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THURSDAY, October 06, 2022
Mergers and acquisitions post-Covid: redefining M&A strategies to create value

Mergers and acquisitions post-Covid: redefining M&A strategies to create value

THURSDAY, February 11, 2021

Many sectors will need to reinvent themselves in order to thrive, and M&A activities will have a strong influence in shaping the “next normal” environment and creating new business narratives for many companies.

Deloitte Southeast Asia was recently honoured to welcome Professor Aswath Damodaran, a professor of finance at the Stern School of Business, NYU, and the author of several textbooks on valuation, corporate finance and investment management, to be our distinguished guest speaker on the topic “Crisis as a crucible: a Jedi guide to investment serenity”. Professor Damodaran shared his views on ways to approach business valuations in this time of innovation and uncertainty. The webinar was valuable and could inspire business leaders and companies planning mergers and acquisitions (M&A) to rethink and design their strategies in the new world post-Covid-19.

Those who have been following Professor Damodaran’s valuation practices would be familiar with his statement about “the narrative as valuation”, which cites that “narrative without numbers is storytelling and numbers without stories to back them up are just financial modelling”. In the webinar, Professor Damodaran described a 5-step valuation, starting from developing the narrative for the business to be valued, testing the narrative to see if it is possible, plausible and probable, converting the narrative to value drivers, connecting the value drivers to valuation, and keeping the feedback loop to improve and modify the narrative.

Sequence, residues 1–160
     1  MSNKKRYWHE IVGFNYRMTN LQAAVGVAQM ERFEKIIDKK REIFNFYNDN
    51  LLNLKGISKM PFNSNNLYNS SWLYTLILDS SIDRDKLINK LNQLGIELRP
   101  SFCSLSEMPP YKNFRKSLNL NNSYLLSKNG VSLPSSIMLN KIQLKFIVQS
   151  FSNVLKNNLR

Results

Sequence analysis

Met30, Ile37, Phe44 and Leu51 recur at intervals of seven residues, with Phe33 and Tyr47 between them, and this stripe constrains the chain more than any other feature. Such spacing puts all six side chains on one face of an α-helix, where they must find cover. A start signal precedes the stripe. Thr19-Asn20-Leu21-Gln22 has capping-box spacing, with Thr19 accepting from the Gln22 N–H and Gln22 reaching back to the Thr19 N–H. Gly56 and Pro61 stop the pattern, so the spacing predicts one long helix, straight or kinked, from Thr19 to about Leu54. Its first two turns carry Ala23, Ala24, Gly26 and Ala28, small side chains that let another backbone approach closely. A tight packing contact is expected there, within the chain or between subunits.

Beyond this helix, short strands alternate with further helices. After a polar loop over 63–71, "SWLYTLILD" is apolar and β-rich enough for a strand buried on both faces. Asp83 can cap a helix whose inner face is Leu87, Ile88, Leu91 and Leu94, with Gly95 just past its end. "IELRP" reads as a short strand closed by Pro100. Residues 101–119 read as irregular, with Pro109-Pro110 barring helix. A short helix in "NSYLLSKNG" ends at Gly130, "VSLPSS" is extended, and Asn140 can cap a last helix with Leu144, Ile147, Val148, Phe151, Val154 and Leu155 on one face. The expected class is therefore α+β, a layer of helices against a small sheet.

There are implications for both business leaders and investors. For businesses to attract capital, they need to develop a rational narrative about their business, convey the narrative to investors effectively, and act consistently. Businesses also need to identify their value drivers and measure how the narrative is unfolding and changing in response to unforeseen events. Investors need to find companies that have convincing narratives, convert these narratives into value to justify the investment value. They must also be open to changes in narratives and numbers, especially during times of uncertainties and new phenomena.

The concept of narrative and numbers becomes clearer during current conditions as crises can affect a company's “story”, favourably or unfavourably, and consequently expectations of its business value. During the time of a typical crisis, resilient business leaders have to:

• Respond – deal with the present situation and manage continuity;

• Recover – learn and emerge stronger, and

• Thrive – prepare for and shape the “next normal”.

The post-Covid world will unleash structural and systematic changes and it is expected that recovery will be highly asymmetric across regions and sectors. Many sectors will need to reinvent themselves in order to thrive and M&A activities will have a strong influence in shaping the “next normal” environment and creating new business stories for many companies.